mySet1.add(5); // Set(2) { 1, 5 }
mySet1.add("some text"); // Set(3) { 1, 5, 'some text' }
const o = { a: 1, b: 2 };

mySet1.add({ a: 1, b: 2 }); // o is referencing a different object, so this is okay

mySet1.has(1); // true
mySet1.has(3); // false, since 3 has not been added to the set
mySet1.has(5); // true
mySet1.has(Math.sqrt(25)); // true
mySet1.has("Some Text".toLowerCase()); // true
mySet1.has(o); // true

mySet1.size; // 5

mySet1.delete(5); // removes 5 from the set
mySet1.has(5); // false, 5 has been removed

mySet1.size; // 4, since we just removed one value

mySet1.add(5); // Set(5) { 1, 'some text', {...}, {...}, 5 } - a previously deleted item will be added as a new item, it will not retain its original position before deletion

console.log(mySet1); // Set(5) { 1, "some text", {…}, {…}, 5 }

Iterating sets

The iteration over a set visits elements in insertion order.


for (const item of mySet1) {
// 1, "some text", { "a": 1, "b": 2 }, { "a": 1, "b": 2 }, 5

for (const item of mySet1.keys()) {
// 1, "some text", { "a": 1, "b": 2 }, { "a": 1, "b": 2 }, 5

for (const item of mySet1.values()) {
// 1, "some text", { "a": 1, "b": 2 }, { "a": 1, "b": 2 }, 5

// key and value are the same here
for (const [key, value] of mySet1.entries()) {
// 1, "some text", { "a": 1, "b": 2 }, { "a": 1, "b": 2 }, 5

// Convert Set object to an Array object, with Array.from
const myArr = Array.from(mySet1); // [1, "some text", {"a": 1, "b": 2}, {"a": 1, "b": 2}, 5]

// the following will also work if run in an HTML document
mySet1.has(document.querySelector("body")); // true

// converting between Set and Array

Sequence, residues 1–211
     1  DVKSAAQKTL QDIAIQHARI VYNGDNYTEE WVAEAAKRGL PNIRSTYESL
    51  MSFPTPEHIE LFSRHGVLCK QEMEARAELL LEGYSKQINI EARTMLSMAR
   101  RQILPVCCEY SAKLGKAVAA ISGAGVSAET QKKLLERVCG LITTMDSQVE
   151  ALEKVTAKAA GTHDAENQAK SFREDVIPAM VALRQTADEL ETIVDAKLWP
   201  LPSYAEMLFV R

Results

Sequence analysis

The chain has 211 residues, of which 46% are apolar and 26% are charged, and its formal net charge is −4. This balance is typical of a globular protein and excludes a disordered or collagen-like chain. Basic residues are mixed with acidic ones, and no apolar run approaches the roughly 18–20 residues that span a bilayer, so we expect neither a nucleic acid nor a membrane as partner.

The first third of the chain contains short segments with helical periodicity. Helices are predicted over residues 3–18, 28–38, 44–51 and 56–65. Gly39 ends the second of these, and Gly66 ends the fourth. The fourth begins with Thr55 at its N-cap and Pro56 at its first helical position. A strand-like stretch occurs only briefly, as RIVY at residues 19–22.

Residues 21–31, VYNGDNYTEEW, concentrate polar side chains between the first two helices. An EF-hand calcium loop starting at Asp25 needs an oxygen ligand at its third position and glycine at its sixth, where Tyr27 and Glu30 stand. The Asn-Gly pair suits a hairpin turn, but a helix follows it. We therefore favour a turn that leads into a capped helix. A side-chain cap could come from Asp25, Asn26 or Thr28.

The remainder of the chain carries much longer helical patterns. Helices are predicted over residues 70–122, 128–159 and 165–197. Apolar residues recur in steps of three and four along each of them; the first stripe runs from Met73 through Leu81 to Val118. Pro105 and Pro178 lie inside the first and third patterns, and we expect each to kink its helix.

const mySet2 = new Set([1, 2, 3, 4]);
console.log(mySet2.size); // 4
console.log([...mySet2]); // [1, 2, 3, 4]

// intersect can be simulated via
const intersection = new Set([...mySet1].filter((x) => mySet2.has(x)));

// difference can be simulated via
const difference = new Set([...mySet1].filter((x) => !mySet2.has(x)));

// Iterate set entries with forEach()
mySet2.forEach((value) => {
// 1
// 2
// 3
// 4

Implementing basic set operations


function isSuperset(set, subset) {
  for (const elem of subset) {
    if (!set.has(elem)) {
      return false;
  return true;

function union(setA, setB) {
  const _union = new Set(setA);
  for (const elem of setB) {
  return _union;

function intersection(setA, setB) {
  const _intersection = new Set();
  for (const elem of setB) {
    if (setA.has(elem)) {
  return _intersection;

function symmetricDifference(setA, setB) {
  const _difference = new Set(setA);
  for (const elem of setB) {
    if (_difference.has(elem)) {
    } else {
  return _difference;

function difference(setA, setB) {
  const _difference = new Set(setA);
  for (const elem of setB) {
  return _difference;

// Examples
const setA = new Set([1, 2, 3, 4]);
const setB = new Set([2, 3]);
const setC = new Set([3, 4, 5, 6]);

isSuperset(setA, setB); // returns true
union(setA, setC); // returns Set {1, 2, 3, 4, 5, 6}
intersection(setA, setC); // returns Set {3, 4}
symmetricDifference(setA, setC); // returns Set {1, 2, 5, 6}
difference(setA, setC); // returns Set {1, 2}

Relation to arrays


const myArray = ["value1", "value2", "value3"];

// Use the regular Set constructor to transform an Array into a Set
const mySet = new Set(myArray);

mySet.has("value1"); // returns true

// Use the spread syntax to transform a set into an Array.
console.log([...mySet]); // Will show you exactly the same Array as myArray

Remove duplicate elements from an array


// Use to remove duplicate elements from an array

const numbers = [2, 3, 4, 4, 2, 3, 3, 4, 4, 5, 5, 6, 6, 7, 5, 32, 3, 4, 5];

console.log([ Set(numbers)]);

// [2, 3, 4, 5, 6, 7, 32]

Relation to strings


const text = "India";

const mySet = new Set(text); // Set(5) {'I', 'n', 'd', 'i', 'a'}
mySet.size; // 5

// case sensitive & duplicate omission
new Set("Firefox"); // Set(7) { "F", "i", "r", "e", "f", "o", "x" }
new Set("firefox"); // Set(6) { "f", "i", "r", "e", "o", "x" }

Use a set to ensure the uniqueness of a list of values


const array = Array.from(document.querySelectorAll("[id]")).map((e) =>;

const set = new Set(array);
console.assert(set.size === array.length);


ECMAScript Language Specification
# sec-set-objects

Browser compatibility

BCD tables only load in the browser

See also